Give it time and it will get there.

I'd also suggest cutting back on the amounts you use, you can do fine with 2 tablespoons of starter and equal weights of water and flour, or about 1/2 oz each starter/flour/water which should give you about 1/4 cup total. A cup of flour each feed is gonna start getting expensive after a couple of weeks. 

So, persevere and you'll have a fine starter soon. Which will, of course, need a name.

Yumarama & MellowBakers


breadforbunny's picture

Another one from the SF Bay Area(Santa Clara), started baking last Sep but haven't tried sourdough yet, not a big fan of it, but curious about if I can actually build a starter.  So I mixed one Tbs of KA WW flour and one Tbs of water last night, added the same amount of water and flour(KA light WW flour) tonight, as I am prepared for the worst-throw everything away, so I minimized the amount of flour to waste.  My kitchen is a bit cold(low 60s during the night). I keep it in the oven(might be a bit warmer there). Hoping for the best.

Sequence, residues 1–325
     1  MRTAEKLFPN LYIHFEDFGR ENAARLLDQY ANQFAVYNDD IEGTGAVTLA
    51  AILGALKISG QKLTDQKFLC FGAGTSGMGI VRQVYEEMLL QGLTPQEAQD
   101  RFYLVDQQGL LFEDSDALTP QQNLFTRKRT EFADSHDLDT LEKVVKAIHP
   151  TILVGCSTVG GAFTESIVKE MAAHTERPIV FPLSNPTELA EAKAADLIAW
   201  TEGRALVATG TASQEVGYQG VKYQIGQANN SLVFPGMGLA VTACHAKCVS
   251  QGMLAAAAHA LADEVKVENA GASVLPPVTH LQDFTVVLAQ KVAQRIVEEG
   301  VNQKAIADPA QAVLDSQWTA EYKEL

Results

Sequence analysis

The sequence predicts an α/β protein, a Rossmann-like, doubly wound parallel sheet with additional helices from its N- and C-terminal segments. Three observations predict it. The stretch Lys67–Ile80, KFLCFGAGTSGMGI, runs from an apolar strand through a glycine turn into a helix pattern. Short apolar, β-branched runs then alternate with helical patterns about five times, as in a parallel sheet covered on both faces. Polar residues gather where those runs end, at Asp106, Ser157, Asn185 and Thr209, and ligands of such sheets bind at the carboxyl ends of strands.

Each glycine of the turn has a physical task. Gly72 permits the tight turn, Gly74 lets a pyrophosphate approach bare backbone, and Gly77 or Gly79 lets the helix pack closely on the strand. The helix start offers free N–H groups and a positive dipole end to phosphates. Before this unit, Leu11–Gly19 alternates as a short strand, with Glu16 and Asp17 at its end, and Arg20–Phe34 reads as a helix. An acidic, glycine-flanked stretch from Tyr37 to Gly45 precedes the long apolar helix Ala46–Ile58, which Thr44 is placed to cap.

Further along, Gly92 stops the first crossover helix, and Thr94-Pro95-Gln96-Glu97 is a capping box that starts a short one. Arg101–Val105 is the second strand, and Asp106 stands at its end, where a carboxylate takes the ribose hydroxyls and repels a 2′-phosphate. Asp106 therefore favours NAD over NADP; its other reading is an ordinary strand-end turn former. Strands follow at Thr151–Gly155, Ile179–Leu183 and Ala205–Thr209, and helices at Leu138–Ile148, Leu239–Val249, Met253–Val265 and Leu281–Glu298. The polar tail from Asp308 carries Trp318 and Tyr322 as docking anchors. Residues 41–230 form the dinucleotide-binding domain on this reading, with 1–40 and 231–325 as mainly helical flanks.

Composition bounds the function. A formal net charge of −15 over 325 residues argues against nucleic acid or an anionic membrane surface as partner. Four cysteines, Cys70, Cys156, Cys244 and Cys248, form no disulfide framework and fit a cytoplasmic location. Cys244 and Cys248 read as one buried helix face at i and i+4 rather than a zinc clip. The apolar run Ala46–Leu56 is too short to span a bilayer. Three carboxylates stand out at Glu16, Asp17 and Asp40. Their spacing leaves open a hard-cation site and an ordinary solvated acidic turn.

RikkiMama's picture

Debra Wink developed the pineapple juice method which is the one Peter Reinhart uses in ABED.

By using the pineapple juice, you are creating a better environment that will help promote the right yeasties and beasties that you want for your starter.  So, if you aren't seeing the right progress and are impatient, try Debra's method.

breadforbunny's picture

Oops, deleted, posted in a wrong spot:P

yy's picture